Jones isn’t just a physical corner nor someone who’s only successful in zone coverage. He’s additionally proven to be a dominant cover-corner.

In 2018 and 2019, Jones allowed quarterbacks to complete 52.5% and 53.1% of their throws when targeting him, respectively. He allowed just 395 total passing yards in 2019.

To put these numbers into perspective, quarterbacks combined to complete 61.4% of their throws for 850 yards when targeting Baker last year. Ballentine, who also struggled mightily, allowed four touchdowns on a 64.3% completion rate when targeted.

It’s obvious the coverage was a weak spot for the Giants in 2019. Jones can help fix that glaring hole. He’ll likely be more expensive than someone like Harris though, given his age.

James Bradberry – Carolina Panthers

James Bradberry of the Carolina Panthers would make a great deal of sense, being that he’s a former draft pick of Dave Gettleman.

During his tenure as Carolina’s general manager, Gettleman selected Bradberry in the second round of the 2016 draft (No. 62 overall). Bradberry was supposed to fill the void left by All-Pro corner Josh Norman, who exited Carolina that same offseason.

Sporting the same number and playing the same position as Norman, Bradberry has been productive in his time with Carolina. He’s yet to be selected to the Pro Bowl or any sort of All-Pro team, but that doesn’t mean he can’t be a reliable corner, especially for a depleted defensive backfield like New York’s.

Bradberry tied for a team-high 12 passes defended and a team-high three picks for Carolina this past year. He also led the cornerback room in combined tackles with 65. He’s not a bad option when it comes to a potential signing and would provide depth to this secondary, which is one of the more important things with any defensive back group.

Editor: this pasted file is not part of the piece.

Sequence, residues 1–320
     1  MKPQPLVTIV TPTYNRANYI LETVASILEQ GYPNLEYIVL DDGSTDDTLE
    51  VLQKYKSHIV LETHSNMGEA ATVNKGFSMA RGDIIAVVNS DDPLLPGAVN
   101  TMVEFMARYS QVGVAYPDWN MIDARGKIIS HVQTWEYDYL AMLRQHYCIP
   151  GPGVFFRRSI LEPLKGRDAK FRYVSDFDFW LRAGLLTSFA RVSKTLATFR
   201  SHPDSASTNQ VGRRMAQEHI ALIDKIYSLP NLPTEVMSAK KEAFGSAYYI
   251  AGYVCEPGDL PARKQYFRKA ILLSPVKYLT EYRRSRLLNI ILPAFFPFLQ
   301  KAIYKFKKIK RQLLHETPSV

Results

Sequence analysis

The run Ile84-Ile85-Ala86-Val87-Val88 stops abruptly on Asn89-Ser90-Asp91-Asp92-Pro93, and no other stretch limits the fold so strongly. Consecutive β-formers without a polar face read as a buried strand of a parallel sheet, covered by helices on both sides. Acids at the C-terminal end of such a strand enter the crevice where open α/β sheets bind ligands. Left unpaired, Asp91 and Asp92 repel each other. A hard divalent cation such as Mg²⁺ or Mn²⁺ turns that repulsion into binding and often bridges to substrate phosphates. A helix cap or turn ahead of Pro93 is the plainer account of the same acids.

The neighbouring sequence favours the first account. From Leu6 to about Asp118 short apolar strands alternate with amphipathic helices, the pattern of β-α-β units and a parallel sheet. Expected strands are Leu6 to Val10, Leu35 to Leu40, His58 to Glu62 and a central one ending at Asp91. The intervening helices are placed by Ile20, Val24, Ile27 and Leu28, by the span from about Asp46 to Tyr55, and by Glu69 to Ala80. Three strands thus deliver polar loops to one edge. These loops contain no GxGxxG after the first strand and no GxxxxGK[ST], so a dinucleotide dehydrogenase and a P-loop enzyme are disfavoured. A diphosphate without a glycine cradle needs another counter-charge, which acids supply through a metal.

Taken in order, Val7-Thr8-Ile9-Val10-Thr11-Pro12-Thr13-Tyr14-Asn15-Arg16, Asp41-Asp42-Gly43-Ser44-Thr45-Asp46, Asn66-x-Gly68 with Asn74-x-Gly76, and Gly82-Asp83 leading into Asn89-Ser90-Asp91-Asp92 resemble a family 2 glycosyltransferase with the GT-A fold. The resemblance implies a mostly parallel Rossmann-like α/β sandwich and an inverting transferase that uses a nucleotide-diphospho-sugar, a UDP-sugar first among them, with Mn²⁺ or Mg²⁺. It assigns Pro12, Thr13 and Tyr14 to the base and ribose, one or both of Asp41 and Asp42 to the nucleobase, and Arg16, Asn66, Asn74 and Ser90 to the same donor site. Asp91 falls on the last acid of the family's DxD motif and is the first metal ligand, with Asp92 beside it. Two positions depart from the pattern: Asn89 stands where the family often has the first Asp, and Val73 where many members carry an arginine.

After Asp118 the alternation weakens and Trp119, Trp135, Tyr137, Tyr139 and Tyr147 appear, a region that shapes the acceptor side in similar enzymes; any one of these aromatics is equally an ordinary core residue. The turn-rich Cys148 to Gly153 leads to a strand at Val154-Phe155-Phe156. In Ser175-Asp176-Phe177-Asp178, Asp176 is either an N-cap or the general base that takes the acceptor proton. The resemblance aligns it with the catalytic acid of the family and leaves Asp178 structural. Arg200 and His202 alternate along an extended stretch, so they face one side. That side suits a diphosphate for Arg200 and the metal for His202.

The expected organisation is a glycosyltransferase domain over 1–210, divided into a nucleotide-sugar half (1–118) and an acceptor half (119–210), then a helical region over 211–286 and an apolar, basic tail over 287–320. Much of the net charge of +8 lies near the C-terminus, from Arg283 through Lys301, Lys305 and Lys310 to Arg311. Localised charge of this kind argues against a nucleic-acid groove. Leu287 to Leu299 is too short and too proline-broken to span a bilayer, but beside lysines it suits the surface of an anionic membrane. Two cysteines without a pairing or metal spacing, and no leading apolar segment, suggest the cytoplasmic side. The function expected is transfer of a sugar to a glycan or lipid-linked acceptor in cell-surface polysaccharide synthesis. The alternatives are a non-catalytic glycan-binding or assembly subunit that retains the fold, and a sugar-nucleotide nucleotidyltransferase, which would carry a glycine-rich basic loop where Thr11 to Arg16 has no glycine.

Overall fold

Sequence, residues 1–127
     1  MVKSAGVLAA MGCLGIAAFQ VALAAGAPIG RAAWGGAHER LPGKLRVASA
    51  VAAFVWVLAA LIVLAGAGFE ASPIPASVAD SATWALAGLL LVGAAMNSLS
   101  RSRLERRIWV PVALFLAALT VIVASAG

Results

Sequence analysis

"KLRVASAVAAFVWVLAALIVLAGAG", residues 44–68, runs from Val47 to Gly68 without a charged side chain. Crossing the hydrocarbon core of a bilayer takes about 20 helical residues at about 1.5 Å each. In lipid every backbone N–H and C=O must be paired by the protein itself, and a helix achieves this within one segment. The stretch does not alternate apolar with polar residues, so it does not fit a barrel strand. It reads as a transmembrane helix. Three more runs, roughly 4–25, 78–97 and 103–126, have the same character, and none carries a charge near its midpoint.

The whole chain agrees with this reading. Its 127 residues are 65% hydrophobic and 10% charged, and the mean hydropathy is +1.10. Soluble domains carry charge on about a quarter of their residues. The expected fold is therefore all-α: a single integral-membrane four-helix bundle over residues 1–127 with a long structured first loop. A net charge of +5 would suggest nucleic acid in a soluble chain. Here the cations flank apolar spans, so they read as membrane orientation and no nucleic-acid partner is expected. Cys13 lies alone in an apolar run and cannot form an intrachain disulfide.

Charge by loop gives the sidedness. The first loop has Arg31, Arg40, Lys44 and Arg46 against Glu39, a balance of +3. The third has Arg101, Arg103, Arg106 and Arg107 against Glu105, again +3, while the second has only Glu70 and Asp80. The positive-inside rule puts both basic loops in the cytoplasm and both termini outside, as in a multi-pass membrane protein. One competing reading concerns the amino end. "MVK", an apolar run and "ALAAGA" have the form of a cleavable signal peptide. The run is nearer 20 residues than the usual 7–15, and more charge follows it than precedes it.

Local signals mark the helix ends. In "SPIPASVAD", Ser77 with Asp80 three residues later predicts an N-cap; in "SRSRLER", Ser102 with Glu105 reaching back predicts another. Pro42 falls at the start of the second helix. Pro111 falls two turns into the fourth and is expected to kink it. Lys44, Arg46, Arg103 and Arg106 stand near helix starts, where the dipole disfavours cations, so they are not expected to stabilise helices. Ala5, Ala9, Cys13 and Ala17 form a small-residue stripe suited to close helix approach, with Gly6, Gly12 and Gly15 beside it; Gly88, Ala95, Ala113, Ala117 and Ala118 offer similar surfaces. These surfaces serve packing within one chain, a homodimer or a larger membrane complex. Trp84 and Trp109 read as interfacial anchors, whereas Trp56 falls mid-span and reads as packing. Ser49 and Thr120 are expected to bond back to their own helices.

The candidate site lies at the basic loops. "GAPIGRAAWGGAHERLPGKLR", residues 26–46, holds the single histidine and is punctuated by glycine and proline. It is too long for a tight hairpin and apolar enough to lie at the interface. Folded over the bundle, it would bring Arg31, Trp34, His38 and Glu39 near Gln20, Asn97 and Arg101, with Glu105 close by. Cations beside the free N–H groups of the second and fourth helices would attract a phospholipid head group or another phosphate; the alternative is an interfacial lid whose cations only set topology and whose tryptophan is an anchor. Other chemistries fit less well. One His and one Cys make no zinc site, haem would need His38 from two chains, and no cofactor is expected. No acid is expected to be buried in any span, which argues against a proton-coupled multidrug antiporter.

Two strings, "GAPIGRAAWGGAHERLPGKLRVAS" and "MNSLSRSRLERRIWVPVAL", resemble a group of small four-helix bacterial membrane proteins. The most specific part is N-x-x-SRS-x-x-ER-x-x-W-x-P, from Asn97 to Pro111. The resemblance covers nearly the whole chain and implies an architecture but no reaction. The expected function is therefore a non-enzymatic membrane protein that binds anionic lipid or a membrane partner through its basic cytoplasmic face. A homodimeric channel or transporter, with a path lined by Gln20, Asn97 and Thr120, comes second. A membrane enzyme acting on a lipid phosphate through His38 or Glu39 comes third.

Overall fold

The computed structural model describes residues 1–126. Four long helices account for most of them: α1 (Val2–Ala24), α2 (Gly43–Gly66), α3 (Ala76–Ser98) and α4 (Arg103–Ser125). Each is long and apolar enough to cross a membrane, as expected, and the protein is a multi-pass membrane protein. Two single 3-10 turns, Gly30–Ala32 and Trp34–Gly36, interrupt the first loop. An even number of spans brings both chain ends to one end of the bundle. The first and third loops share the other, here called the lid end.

If the Giants want to sign Bradberry, draft someone like Jeffrey Okudah out of Ohio State, and move Baker to the slot corner position, so be it. That’s a huge adjustment to the secondary, but a significant change may be what’s needed for improvement.

Prince Amukamara – Chicago Bears

Okay, here me out with this one.

Prince Amukamara would provide depth, mentorship, and is familiar with the organization along with its ownership. He portrayed his talents for the Giants from 2011-15 after New York took him in the first round of the 2011 NFL Draft. Prince additionally helped the team win Super Bowl 46 in his inaugural pro season.

At 30 years old, Amukamara still has some left in the tank. He recorded 10 passes defended and 53 combined tackles in 15 games last year.

The latter statistic may be an issue though. In his nine years in the league, Amukamara has played just one full season (2013 with the Giants). Therefore, health-related setbacks have been an issue. It may force the Giants to be reluctant to even consider him, but it still wouldn’t be a horrible idea if they brought him back to East Rutherford.

If he does return to New York, the Giants could still look to draft a stud corner in the first or second round. If Okudah is there in the first round, take him. If not, look for someone in one of the succeeding rounds. You also don’t know if Baker will be that bad again in his sophomore campaign, so just signing Prince and not drafting a corner could work.

As was said before: depth, mentorship, and familiarity with the organization. All three are significant qualities and could benefit this defensive backfield in a number of ways.

Ryan Honey is a staff writer and host of the Wide Right Podcast.